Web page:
According to a report shared by MacRumors, the Capture Button will be on the same side of the handset as the Power button but positioned slightly lower, approximately where the mmWave cutout currently resides on this year’s US iPhone 15 models. The mmWave cutout will be moved to the opposite side of the handset, where it will sit under the volume buttons, where the SIM tray still lives in non-US iPhone 15 devices. There’s no word as yet on what the new capacitive button will be used for.
The Capture Button is said to be a capacitive button in place of the traditional mechanical one. Capacitive buttons do not actually move like a mechanical button. Instead, a capacitive button detects touch and pressure and then provides haptic feedback via a haptic engine. A real-world example is the Home button on the iPhone SE, which mimics the physical button experience via haptics. MacRumors says its sources claim the capacitive buttons will feature force sensor functionality, which detects applied force and converts the amount of force into electrical signals.
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Many had expected this year’s iPhone 15 Pro models to be equipped with capacitive power and volume buttons. However, the new buttons didn’t make the cut this year, as the report’s sources say the module was canceled during development due to unsatisfactory test results caused by multiple hardware issues.
Unlike the rumored capacitive volume and power buttons, which would have likely been restricted to the iPhone 15 Pro handsets, the Capture Button is expected to be available across the entire iPhone 16 lineup. However, as a bit of insurance in case the Capture Button fails in testing, Apple has also designed a hardware configuration lacking the Capture Button as a possible fallback if needed.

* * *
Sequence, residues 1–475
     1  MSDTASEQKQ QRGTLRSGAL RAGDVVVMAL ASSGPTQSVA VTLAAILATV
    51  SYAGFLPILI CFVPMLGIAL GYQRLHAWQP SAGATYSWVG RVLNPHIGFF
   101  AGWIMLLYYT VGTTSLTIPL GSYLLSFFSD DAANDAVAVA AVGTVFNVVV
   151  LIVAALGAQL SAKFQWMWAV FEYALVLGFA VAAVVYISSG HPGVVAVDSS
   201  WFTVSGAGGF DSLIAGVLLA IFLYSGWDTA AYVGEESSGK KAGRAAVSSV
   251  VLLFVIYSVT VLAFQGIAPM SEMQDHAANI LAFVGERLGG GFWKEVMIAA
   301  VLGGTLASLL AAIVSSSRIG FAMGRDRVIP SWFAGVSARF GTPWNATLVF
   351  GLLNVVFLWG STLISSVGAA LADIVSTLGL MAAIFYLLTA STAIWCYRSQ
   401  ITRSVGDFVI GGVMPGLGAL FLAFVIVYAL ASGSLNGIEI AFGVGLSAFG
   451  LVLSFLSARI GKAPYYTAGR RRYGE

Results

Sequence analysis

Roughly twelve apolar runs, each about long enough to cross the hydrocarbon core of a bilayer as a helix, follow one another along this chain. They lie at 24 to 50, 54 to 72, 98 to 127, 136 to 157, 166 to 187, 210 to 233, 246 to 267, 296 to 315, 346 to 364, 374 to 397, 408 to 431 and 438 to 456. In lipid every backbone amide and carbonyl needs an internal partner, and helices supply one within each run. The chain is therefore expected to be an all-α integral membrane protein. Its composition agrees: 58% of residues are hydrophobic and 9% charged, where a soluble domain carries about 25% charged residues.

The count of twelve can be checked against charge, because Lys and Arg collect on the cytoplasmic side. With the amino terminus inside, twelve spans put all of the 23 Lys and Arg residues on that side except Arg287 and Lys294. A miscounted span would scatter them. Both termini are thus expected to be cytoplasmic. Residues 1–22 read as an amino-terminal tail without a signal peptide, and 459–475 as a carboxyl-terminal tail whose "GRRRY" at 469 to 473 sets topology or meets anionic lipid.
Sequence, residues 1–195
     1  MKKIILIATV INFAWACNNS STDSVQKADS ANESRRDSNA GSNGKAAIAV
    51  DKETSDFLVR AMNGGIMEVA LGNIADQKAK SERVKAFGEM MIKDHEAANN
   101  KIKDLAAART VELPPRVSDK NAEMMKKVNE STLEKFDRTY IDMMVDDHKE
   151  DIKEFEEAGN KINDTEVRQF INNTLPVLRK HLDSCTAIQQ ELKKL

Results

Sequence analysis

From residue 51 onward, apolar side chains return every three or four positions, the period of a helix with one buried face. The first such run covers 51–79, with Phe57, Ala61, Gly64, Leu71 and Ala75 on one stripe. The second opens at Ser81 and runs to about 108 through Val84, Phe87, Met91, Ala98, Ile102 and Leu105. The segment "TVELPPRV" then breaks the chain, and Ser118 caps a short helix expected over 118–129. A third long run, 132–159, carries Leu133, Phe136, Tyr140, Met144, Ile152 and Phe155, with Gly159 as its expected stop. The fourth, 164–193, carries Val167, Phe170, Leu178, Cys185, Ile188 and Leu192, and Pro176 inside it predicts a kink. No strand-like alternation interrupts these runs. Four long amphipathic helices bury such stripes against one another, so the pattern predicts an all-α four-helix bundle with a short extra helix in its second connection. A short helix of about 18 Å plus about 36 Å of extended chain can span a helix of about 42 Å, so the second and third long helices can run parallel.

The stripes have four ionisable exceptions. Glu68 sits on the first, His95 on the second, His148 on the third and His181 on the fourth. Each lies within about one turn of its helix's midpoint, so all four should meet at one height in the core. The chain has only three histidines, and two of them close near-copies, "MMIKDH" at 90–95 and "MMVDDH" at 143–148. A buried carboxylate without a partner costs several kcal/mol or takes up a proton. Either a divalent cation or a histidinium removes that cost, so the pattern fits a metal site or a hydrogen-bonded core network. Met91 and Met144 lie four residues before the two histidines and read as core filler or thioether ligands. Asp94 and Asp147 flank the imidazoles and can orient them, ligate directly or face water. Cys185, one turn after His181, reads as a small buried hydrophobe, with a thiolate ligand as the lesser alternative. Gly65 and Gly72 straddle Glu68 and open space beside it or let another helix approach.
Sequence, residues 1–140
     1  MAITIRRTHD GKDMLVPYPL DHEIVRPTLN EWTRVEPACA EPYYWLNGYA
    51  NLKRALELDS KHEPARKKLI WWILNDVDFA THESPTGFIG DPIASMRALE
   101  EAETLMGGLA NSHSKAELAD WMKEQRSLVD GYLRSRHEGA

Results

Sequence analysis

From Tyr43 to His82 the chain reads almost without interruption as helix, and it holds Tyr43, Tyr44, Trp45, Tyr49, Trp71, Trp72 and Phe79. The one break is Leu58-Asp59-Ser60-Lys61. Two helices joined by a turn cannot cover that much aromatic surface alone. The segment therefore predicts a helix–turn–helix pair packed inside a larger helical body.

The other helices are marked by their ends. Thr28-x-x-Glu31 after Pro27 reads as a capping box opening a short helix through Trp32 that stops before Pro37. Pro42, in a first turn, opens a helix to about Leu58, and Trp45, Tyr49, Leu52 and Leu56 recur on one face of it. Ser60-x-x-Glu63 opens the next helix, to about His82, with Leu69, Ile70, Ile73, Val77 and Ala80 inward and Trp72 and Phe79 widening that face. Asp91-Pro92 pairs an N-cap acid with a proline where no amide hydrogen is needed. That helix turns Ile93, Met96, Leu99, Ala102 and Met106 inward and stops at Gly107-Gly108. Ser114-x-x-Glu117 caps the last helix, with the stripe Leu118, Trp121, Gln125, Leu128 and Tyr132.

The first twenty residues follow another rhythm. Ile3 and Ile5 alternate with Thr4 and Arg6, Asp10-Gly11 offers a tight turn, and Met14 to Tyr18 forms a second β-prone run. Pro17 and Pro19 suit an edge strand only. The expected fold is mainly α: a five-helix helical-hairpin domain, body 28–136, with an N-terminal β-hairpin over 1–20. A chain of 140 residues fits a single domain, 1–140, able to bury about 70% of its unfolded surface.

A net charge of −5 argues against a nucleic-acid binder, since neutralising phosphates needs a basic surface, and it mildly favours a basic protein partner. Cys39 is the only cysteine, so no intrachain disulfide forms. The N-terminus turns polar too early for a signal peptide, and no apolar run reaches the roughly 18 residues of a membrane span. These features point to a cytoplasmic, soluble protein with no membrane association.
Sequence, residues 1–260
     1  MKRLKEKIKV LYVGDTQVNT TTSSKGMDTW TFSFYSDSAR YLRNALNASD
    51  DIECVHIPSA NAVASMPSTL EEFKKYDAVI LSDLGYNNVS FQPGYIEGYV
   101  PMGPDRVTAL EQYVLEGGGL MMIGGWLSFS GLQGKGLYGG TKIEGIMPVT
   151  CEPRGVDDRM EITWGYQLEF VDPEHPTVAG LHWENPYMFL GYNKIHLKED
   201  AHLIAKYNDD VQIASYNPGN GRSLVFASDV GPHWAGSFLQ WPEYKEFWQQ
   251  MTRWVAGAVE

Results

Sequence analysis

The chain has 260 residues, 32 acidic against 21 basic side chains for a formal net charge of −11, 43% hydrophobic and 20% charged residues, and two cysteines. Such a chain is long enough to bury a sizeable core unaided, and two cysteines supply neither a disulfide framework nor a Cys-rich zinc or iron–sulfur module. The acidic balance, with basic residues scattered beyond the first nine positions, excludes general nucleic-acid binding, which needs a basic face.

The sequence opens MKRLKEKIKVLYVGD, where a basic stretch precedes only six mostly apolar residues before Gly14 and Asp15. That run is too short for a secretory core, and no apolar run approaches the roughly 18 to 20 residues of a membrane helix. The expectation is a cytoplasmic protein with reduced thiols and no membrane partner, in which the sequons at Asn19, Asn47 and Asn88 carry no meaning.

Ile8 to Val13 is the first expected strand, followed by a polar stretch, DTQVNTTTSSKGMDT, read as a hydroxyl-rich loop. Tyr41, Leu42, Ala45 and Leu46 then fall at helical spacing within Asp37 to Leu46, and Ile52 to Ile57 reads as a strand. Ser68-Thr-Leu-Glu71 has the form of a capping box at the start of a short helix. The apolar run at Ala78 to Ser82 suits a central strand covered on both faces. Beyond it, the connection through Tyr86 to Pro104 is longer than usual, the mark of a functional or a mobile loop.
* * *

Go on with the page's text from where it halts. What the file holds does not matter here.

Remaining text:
In addition to the new Capture Button, the iPhone 16 lineup is also expected to boast a capacitive Action Button, known as “Project Atlas.” The haptic Action Button is said to use a design similar to the Capture Button and operates using strain gauges and a reluctance motor to provide haptic feedback.
The base model iPhone 16 is also expected to feature a redesigned camera bump and a vertical camera arrangement similar to the iPhone 12 camera lens layout. The report also adds that the iPhone 16 Pro models are set to feature a larger screen size, increasing from 6.1 and 6.7 inches to 6.3 and 6.9 inches, respectively. This lines up with a May report by display industry analyst Ross Young that was independently corroborated by other analysts and leakers later that same month.
In a Medium post on Sunday, Apple industry analyst Ming-Chi Kuo reiterated his previous claims that both the iPhone 16 Pro and iPhone 16 Pro Max will be equipped with the same tetraprism lens as the iPhone 15 Pro Max, with no expected changes in specifications.
This year’s iPhone 15 Pro Max is the only 2023 model boasting a tetraprism lens arrangement, increasing the camera’s telephoto optical zoom from 3x to 5x.
As usual, these are all rumors and we’re quite early in the iPhone 16 rumor lifecycle, so plenty of things could change between now and next September. So, keep your salt substitute shaker handy.
[The information provided in this article has NOT been confirmed by Apple and may be speculation. Provided details may not be factual. Take all rumors, tech or otherwise, with a grain of salt.]